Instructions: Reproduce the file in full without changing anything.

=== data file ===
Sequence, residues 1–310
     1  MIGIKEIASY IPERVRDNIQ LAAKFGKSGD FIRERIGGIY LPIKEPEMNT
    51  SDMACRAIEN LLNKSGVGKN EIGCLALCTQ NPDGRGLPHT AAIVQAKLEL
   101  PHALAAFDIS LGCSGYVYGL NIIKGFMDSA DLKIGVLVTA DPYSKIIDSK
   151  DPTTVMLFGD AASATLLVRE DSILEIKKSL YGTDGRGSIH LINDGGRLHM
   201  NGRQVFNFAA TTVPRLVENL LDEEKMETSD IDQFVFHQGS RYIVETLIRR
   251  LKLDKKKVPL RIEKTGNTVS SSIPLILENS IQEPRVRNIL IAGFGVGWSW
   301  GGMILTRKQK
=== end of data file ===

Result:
Sequence, residues 1–310
     1  MIGIKEIASY IPERVRDNIQ LAAKFGKSGD FIRERIGGIY LPIKEPEMNT
    51  SDMACRAIEN LLNKSGVGKN EIGCLALCTQ NPDGRGLPHT AAIVQAKLEL
   101  PHALAAFDIS LGCSGYVYGL NIIKGFMDSA DLKIGVLVTA DPYSKIIDSK
   151  DPTTVMLFGD AASATLLVRE DSILEIKKSL YGTDGRGSIH LINDGGRLHM
   201  NGRQVFNFAA TTVPRLVENL LDEEKMETSD IDQFVFHQGS RYIVETLIRR
   251  LKLDKKKVPL RIEKTGNTVS SSIPLILENS IQEPRVRNIL IAGFGVGWSW
   301  GGMILTRKQK